An ornamental swan wrapped in cellophane. A worker knocking down a mountain in Switzerland. A collective farmer in a field. A marriage in the lights of a Midlands factory. An imposing building covered in banners with a foreground of tulips. These are the images that defined the image of Depeche Mode through their first five album covers. All shot by the legendary photographer, Brian Griffin, they represented the band on the shelves of record shops, in the collections of fans, and in the music press. There were critics who (unfairly) thought the group’s pop lightweight, but their cover art was decidedly serious.
It was fine art, at a time when many record covers showed a band’s latest hairstyles. Griffin’s image for A Broken Frame – the album released into the gloom of 1982 after the departure of Vince Clarke – was selected by Life magazine to front its collection, The World’s Best Photographs (1980-1990). Daniel Miller had resolved to give the band the best resources he could, when he took on producing them for his Mute Records imprint, and his choice of Griffin gave them visuals as distinctive and iconic as their music.
Griffin came to Miller’s attention because his agent had an office above Mute’s. At the time, Griffin’s work was prominent in record shops, featuring on releases from Iggy Pop, Echo & The Bunnymen, Ian Dury, Simple Minds, and Elvis Costello. The commission to create an image for Depeche Mode’s first album, Speak & Spell, led to an abstract but striking image of a plastic-wrapped swan that has come to be interpreted, with hindsight, as a commentary on consumer capitalism. Griffin’s working class politics were given fuller reign with the next two albums, which featured the sickle (A Broken Frame) and hammer (Construction Time Again) as core elements of the cover photos. That led to an excited journalist at Melody Maker trying to get Dave Gahan to come out as a fellow traveller, when he was more interested in Kerrang! than the Communist Manifesto.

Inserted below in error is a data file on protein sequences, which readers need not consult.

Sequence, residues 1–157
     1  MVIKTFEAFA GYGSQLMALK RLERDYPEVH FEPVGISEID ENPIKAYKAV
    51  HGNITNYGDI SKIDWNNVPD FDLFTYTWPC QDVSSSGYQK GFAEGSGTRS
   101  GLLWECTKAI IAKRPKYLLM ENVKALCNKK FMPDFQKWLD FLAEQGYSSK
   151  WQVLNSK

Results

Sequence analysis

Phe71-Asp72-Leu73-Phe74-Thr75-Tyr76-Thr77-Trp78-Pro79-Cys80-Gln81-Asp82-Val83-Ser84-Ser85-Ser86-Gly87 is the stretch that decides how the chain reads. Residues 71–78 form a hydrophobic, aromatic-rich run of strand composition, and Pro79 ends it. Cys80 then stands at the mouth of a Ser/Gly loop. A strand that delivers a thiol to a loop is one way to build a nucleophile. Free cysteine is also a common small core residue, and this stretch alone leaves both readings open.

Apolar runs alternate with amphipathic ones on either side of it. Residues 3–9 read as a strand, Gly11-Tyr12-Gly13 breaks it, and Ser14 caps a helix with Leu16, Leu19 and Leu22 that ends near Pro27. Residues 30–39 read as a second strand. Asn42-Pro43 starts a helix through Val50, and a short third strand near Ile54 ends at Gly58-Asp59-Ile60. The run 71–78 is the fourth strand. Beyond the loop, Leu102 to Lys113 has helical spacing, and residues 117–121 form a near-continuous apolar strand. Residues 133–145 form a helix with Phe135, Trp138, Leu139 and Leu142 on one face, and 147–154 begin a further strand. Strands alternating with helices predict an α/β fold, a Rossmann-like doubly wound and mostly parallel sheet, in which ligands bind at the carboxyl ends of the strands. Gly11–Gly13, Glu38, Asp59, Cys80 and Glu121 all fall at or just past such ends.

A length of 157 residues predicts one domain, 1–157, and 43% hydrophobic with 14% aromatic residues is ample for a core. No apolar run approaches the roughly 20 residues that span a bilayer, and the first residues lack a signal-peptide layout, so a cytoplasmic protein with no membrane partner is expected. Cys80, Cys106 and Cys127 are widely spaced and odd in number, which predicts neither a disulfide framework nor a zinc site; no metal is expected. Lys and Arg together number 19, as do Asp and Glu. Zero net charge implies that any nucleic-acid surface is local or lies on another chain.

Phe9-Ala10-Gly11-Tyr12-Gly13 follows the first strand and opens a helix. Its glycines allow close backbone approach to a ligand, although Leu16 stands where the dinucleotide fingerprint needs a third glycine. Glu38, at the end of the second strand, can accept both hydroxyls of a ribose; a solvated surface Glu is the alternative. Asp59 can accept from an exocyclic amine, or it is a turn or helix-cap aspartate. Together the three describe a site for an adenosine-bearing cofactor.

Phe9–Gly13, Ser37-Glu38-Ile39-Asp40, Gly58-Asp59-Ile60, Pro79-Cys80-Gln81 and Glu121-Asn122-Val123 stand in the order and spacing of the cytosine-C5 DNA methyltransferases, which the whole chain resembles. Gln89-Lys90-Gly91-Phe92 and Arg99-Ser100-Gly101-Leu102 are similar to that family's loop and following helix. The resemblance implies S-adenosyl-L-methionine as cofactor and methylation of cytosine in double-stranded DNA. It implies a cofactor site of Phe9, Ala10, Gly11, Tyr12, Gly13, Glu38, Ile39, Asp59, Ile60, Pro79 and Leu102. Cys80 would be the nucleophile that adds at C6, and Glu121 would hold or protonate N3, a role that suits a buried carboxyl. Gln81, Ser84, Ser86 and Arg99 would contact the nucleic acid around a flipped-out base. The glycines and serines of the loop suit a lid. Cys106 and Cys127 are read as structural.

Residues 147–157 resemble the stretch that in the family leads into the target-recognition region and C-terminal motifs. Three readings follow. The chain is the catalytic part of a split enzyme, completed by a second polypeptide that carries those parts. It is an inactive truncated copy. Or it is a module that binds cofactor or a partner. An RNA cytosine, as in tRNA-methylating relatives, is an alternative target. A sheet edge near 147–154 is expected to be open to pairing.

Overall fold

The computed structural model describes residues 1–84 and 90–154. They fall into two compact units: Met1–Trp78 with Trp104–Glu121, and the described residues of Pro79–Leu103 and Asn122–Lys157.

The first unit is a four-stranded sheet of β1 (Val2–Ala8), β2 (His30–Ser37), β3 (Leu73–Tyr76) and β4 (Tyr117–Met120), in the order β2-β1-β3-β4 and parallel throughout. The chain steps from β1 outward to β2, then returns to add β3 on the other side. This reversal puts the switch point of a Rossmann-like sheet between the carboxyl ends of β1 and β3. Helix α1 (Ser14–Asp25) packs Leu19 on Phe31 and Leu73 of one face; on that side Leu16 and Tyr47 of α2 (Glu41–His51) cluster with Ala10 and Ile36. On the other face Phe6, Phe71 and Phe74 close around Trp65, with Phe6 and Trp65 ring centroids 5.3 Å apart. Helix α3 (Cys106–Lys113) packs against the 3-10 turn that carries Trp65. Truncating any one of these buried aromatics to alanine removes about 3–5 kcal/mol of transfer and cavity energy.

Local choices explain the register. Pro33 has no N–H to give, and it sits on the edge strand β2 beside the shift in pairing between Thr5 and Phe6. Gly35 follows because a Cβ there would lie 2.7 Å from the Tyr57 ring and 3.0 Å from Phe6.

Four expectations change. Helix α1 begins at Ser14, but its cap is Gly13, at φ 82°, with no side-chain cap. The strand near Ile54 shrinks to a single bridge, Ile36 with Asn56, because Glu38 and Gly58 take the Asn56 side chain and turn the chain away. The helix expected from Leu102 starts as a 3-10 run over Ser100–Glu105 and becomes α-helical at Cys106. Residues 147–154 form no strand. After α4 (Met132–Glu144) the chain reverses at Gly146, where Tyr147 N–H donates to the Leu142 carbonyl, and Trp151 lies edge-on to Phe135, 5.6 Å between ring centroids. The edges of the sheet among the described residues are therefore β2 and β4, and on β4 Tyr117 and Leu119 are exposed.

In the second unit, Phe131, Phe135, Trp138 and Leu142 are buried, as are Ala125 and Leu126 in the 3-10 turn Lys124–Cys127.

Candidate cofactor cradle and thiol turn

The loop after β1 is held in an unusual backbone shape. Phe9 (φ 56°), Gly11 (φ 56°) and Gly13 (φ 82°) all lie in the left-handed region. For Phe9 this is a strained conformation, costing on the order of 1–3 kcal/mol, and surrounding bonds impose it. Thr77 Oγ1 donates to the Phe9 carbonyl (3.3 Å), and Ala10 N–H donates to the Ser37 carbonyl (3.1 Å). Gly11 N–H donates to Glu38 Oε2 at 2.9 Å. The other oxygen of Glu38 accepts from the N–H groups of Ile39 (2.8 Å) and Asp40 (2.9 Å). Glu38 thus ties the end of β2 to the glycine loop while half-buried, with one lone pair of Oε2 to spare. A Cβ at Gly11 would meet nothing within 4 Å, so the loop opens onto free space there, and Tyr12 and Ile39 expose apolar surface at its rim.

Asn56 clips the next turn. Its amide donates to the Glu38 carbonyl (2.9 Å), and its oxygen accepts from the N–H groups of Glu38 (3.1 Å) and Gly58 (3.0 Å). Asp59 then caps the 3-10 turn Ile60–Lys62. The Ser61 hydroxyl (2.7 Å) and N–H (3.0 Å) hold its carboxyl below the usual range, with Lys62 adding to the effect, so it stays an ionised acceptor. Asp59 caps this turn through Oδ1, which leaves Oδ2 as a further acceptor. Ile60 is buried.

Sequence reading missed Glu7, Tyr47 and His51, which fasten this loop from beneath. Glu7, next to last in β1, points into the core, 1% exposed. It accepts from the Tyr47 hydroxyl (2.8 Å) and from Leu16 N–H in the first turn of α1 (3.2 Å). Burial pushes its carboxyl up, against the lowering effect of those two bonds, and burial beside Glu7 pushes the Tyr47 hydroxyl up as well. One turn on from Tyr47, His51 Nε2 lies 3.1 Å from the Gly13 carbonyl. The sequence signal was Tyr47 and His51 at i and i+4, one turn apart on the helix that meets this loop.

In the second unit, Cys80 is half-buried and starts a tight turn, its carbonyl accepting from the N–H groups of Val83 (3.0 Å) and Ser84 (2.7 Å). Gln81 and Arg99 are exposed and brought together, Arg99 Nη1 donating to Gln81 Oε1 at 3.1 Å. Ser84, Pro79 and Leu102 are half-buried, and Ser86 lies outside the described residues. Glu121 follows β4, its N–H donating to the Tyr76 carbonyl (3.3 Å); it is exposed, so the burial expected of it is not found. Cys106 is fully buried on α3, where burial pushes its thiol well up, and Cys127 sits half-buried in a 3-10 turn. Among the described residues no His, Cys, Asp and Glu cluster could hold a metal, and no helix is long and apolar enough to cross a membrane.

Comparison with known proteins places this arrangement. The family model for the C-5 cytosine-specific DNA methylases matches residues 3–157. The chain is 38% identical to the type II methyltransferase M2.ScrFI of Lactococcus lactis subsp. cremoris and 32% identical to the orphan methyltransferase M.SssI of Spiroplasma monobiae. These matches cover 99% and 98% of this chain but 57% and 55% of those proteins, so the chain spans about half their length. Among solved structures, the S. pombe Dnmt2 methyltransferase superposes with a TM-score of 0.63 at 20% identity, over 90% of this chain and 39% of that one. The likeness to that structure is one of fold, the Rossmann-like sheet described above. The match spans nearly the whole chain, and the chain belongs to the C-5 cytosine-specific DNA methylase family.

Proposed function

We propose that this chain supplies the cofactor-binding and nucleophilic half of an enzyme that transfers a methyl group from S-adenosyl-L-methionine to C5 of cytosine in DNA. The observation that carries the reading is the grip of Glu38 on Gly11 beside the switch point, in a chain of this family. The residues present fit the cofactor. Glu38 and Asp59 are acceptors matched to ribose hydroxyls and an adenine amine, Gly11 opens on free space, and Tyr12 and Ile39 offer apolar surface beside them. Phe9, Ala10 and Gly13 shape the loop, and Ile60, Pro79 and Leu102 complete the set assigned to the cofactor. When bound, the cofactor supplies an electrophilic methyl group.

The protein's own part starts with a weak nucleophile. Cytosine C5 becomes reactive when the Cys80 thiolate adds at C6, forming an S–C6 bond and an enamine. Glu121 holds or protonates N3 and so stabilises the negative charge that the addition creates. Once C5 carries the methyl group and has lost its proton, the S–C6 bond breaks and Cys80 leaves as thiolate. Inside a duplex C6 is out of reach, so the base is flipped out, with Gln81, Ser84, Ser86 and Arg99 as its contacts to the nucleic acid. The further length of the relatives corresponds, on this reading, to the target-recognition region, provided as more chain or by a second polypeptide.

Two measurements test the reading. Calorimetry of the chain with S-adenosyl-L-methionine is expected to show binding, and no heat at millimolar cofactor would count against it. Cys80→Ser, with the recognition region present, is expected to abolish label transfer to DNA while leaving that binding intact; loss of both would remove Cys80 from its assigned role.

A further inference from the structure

There have been other sources of confusion between the band and Griffin’s artwork. In 1982, some said that the peasant on the cover of A Broken Frame was a man – perhaps even Daniel Miller in Slavic farmer’s drag. In 1984, rumours circulated that the cover of Some Great Reward showed Alan Wilder getting married. Both were wrong. The hunger for information about the band, and the need to interpret the images in light of its evolution, led to pre-internet speculation fuelled by the multiple layers of meaning in Griffin’s work.
There is a chance to set the record straight with the release of MODE, Griffin’s latest book. With a preface from Gareth Jones, an interview with Griffin that explores all of his work for the band, and an essay by Roger Butler that tells the story of the video for “Only When I Lose Myself,” it is the definitive history of a relationship that helped to define the image of the band.
Backed by fans of Depeche Mode and Griffin through a Kickstarter campaign, and with energy provided by DM-interpreter Vaughn George, MODE is designed by the same team who created Griffin’s biographical work, Black Country Dada. It collects previously unseen images from his shoots for the records and promotional materials, showing Griffin’s striking style. It also includes pictures of artefacts from the archives, which give Depeche Mode fans more of the context of the work. Photographers will be awed by the technical skills and creative techniques used by Griffin. Fans of the band will be enveloped in the experience of working with the band and label. It is an exquisite and badly-needed window into a period when one of the world’s most important bands was finding its voice and commercial success.